I’m skipping #8 for a minute so I can get to #9.
I hope we all agree that it’s silly to take a perfectly find manual test and automate it. It’s also silly to take something that’s highly repetitive and easily automatable and NOT automate it. So, as is the theme for this series, let’s discuss what happens when your org doesn’t get it.
On one extreme, your org may want to manually test everything. Depending on the situation, it may be a reasonable choice. If it’s not, do something about it.
I’m reminded of one of my first test assignments. I was kind of a programmer. I could write simple C programs, but I kicked butt writing automation with MS-Test (the precursor to Visual Test). I wrote a massive number of questionably designed, yet very_cool_to_watch automation at my previous job and “thought” I was hired to do more of the same.
So, I walked into my boss’ office, he handed me a list of test cases and told me to get to work. I glanced through the list, asked a few clarifying questions, then asked when he wanted I should finish automating them. He replied “oh no, we don’t have time to automate – you just need to run these every day”.
I was young and a little scared to rock the boat, so I did what he asked. That was Monday. By Wednesday I was bored, and by Friday I had automated most of the test cases. Not only did I not miss any regressions during the remainder of the product cycle, I actually had time to do testing!. Eventually, I clued my manager in on what I did (he had grown to trust me by this point), and he liked it. In fact, he asked me to automate some fairly complex scenarios (which I did), and we eventually ended up with a good mix of manual and automated tests.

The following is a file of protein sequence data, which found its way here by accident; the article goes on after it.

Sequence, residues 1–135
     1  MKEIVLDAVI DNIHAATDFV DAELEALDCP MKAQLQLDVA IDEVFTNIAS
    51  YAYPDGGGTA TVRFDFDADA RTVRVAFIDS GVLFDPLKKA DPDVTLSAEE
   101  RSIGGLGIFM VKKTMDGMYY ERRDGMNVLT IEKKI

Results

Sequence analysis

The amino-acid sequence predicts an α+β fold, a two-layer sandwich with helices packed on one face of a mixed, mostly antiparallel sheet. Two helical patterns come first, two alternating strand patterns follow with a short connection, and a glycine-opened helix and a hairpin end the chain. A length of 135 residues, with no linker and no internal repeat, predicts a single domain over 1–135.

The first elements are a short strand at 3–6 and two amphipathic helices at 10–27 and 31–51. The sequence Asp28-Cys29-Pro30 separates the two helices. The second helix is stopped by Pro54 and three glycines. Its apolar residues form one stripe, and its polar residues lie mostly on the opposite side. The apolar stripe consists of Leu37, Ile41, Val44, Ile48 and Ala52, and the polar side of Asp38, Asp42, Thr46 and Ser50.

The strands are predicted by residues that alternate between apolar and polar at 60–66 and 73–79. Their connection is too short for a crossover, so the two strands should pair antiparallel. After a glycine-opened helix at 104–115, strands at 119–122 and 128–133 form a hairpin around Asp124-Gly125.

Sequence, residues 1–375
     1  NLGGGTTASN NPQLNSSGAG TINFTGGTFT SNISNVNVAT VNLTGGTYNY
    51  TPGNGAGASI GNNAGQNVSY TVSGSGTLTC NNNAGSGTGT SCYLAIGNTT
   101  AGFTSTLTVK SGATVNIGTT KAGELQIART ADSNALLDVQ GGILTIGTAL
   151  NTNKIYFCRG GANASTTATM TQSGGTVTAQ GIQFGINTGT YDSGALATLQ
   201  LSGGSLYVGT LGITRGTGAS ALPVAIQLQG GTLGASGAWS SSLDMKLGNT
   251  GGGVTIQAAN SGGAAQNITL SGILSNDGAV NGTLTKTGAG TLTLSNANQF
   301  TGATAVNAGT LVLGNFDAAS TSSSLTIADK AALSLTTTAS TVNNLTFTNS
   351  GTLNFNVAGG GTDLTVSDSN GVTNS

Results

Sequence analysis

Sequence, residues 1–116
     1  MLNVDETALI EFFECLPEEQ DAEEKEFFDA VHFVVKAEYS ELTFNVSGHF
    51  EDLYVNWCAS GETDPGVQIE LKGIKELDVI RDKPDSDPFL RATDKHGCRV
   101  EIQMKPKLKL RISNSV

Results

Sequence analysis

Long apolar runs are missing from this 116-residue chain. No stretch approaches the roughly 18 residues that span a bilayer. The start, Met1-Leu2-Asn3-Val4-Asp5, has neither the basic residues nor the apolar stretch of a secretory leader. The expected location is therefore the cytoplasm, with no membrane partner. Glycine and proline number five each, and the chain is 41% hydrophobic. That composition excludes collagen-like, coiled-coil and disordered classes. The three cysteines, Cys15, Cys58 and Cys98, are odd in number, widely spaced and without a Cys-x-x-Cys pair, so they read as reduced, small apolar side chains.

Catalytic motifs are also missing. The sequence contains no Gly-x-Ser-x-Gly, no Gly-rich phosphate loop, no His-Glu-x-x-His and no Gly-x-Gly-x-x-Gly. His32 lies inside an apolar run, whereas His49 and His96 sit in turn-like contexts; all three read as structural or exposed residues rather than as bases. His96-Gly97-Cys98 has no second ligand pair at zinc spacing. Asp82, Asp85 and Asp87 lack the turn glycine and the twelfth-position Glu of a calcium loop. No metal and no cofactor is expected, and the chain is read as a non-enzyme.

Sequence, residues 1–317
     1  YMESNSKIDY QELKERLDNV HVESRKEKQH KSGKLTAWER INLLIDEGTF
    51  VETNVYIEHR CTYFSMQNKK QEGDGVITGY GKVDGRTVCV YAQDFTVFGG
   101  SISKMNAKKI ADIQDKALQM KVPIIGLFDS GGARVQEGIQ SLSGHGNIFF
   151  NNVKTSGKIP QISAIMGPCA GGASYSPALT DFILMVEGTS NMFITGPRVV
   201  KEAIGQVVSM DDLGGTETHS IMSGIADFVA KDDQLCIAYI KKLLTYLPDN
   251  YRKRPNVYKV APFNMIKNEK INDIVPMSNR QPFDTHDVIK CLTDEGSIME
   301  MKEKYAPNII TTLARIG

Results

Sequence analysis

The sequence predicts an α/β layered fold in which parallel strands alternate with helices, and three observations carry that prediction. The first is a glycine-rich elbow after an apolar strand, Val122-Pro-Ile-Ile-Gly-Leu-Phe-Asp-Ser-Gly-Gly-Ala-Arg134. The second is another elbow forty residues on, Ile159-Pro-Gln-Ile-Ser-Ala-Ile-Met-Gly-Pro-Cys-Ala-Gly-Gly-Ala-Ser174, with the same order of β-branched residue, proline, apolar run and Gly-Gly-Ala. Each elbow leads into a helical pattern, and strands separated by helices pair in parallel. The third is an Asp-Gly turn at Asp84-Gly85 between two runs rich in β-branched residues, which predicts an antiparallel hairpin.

I guess the moral of the story was that I just did what I thought was right and got away with it. A safer solution would be to ask first, but a small pilot project – even if it’s on your own time could probably help here.
Sometimes, the opposite happens. Teams are so focused on automating everything that they don’t actually do much testing. In this case, just do the opposite of my example above. Stop writing automation for an hour or two every day, or for 6 hours on Friday, or whatever, and use the product. If you find cool bugs (and if you’re any good at testing, you will), note that they were found by some technique other than automation. Eventually, people will notice that you’re finding lot’s of cool bugs (don’t worry, you’ll keep up on your automation work too), and they’ll ask what your “secret sauce” is. Tell them the truth. Soon, they’ll be enough sauce flowing to actually whip your product into shape.